Under the Shop tab, the category and product listings are long. Too long. But when you consider that this taxonomy has been vetted over tens of millions of transactions, it makes sense. There’s really no other way to do it without employing advanced contextual algorithms like Autonomy’s.
It takes patience and a strong general knowledge of construction to get down to a product level description if you don’t just type in your search. For example, it took nine (9) taps on the screen to get to a special kind of clamp. (Granted, this is a worse case scenario based on picking categories with the most remaining items.)
The Toolbox tab includes free utilities (usually $0.99 to $4.99 each on Apple’s app store) for measuring and specifying components (like nuts and bolts) and materials (like paint, wallpaper, etc.)
A handy converter tools translates English measures to metric for area, length, mass, temperature, and volume.
There’s even a built-in tape measure. Well, you have to measure one thing first—your foot. Tapping on the screen once for each step helps you estimate short distances.
The shopping features are well thought out and make shopping for construction projects with many parts easy.
- The toolkit is awesome, truly best-in-class.
- The interface strikes a good balance between quantity of information and the ease of finding it.
- Shopping functionality is tightly integrated.
- Video help is a great value add.
- Live chat help and Twitter help are built in.
What’s Not So Good
- It takes too many steps to drill down for certain items.
- Some of the videos could do more showing, not just telling.
What I Would Do
- Offer a Spanish language option.
- Tie pro accounts to past purchases to speed the finding process.
- Allow customers to specify the project they are working on (as an option) up front. Search ahead algorithms could speed searching, remind shoppers of go-with items to save them time (e.g. nuts and bolts), and recommend related items.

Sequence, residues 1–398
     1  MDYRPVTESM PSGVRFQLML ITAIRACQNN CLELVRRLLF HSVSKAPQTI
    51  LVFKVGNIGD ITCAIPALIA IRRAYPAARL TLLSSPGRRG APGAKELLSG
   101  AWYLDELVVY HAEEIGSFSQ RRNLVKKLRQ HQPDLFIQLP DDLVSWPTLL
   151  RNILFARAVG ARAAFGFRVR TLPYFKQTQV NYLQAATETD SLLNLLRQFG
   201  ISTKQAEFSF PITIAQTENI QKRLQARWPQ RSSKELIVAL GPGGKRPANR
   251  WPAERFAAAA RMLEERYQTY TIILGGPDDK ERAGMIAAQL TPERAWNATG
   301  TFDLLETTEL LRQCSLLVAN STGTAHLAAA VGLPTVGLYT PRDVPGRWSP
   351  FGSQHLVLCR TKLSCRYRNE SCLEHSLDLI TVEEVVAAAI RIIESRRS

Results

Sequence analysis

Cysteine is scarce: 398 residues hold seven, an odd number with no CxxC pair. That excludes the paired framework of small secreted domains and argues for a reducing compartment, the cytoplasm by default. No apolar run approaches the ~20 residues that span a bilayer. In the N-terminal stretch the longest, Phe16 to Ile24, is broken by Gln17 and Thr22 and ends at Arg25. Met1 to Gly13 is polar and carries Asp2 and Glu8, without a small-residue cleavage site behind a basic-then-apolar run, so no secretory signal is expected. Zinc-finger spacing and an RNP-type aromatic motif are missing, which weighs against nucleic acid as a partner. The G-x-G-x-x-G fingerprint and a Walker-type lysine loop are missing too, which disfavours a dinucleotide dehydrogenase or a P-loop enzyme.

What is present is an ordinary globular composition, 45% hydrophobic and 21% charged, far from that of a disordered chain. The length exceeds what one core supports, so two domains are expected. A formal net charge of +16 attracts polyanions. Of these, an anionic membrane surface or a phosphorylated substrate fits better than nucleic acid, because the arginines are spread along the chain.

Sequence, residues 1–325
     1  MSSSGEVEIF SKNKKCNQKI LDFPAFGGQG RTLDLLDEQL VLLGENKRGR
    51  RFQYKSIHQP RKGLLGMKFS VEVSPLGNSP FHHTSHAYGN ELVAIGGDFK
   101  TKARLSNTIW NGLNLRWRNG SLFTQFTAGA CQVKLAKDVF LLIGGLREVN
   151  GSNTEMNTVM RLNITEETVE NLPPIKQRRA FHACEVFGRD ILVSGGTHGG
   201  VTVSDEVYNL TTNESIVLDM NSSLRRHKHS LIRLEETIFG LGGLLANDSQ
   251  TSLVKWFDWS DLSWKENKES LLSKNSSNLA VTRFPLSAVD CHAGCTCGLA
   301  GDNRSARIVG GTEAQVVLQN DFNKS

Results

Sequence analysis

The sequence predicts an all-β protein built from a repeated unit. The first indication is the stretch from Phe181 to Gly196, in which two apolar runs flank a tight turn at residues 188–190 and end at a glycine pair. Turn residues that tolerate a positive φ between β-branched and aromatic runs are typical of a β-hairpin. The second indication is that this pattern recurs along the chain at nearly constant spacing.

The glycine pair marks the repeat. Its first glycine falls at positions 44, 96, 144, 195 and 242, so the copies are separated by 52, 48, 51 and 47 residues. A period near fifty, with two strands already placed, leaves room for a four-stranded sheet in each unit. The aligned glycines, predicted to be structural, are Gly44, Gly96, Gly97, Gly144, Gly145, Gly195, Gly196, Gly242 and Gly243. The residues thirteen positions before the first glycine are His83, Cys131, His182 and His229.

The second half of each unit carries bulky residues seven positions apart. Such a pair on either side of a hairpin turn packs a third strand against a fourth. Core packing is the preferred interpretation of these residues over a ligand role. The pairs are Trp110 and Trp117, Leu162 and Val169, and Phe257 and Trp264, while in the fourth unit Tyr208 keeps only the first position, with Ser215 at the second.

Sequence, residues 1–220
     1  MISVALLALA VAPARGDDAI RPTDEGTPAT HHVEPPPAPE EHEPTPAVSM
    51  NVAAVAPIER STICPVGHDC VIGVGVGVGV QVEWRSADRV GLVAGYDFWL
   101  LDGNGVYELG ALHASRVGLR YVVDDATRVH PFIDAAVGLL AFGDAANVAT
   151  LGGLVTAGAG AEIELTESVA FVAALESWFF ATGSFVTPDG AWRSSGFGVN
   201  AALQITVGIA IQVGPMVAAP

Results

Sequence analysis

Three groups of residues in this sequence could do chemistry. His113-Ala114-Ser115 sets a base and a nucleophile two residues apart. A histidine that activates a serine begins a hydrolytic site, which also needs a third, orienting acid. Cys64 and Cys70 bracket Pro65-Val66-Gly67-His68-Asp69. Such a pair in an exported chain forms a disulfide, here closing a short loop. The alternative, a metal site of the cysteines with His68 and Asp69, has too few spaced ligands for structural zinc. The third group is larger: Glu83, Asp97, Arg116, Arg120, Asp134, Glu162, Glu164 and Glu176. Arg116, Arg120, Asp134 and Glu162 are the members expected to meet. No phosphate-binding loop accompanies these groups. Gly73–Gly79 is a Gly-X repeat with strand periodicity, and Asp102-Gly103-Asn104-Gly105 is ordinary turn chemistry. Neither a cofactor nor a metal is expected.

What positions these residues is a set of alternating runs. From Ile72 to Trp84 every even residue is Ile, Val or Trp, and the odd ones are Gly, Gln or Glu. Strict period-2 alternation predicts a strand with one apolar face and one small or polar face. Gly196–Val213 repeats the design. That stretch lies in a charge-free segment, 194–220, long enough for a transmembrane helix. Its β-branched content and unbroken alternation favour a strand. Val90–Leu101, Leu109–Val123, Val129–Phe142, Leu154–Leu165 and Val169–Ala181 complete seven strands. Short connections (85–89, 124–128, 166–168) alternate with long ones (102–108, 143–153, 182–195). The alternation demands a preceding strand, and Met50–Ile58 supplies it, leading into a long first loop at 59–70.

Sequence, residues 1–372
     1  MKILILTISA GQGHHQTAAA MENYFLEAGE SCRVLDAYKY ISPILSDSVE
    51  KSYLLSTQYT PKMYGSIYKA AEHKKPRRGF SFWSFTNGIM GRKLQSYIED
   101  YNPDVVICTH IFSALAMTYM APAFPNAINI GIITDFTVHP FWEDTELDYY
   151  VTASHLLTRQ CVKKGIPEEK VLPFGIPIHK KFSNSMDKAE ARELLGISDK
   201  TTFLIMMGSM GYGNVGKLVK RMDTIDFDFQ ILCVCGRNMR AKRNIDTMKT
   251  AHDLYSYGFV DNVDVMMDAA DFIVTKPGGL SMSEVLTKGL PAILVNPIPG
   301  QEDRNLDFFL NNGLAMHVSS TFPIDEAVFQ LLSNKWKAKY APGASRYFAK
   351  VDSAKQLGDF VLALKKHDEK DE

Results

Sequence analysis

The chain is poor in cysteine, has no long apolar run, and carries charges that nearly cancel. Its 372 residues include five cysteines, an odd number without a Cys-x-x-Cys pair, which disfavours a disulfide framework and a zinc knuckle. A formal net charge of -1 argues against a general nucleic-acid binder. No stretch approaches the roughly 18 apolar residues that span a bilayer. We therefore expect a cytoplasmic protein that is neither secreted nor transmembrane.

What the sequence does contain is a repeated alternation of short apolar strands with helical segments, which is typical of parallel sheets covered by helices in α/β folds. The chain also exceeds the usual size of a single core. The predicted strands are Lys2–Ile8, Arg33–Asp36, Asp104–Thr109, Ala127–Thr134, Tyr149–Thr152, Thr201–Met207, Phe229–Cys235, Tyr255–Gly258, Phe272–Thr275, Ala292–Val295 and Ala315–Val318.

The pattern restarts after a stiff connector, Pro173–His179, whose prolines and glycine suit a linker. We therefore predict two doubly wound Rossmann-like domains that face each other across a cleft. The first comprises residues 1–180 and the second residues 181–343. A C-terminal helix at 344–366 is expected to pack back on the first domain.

- Add a share-a-picture-with-an-expert capability to make it easier for pros in the field (or consumers at home) to get on-screen help to diagnose a problem or get the right part. This feature might make the call center more helpful—and more profitable.
- Offer an app overview (like Hyundai does for its flagship Equus vehicle) to encourage more usage.
About the Company
The Home Depot, http://www.HomeDepot.com headquartered in Atlanta, GA, operates approximately 2,244 home improvement retail stores in four countries. It trades on the NYSE under the symbol HD.
About Mike Wittenstein
Mike helps business leaders around the world differentiate their brands by dramatically improving their customer experiences. As a customer experience designer, Mike shops each business as a consumer and works in it as an employees. Then, he designs the kind of experiences customers notice, remember, and rave about. With two decades of experience and hundreds of assignments under his belt, Mike knows how to design experiences that win customers’ hearts on the front lines—and earn shareholder approval on the bottom line. Based in Atlanta, Mike works globally.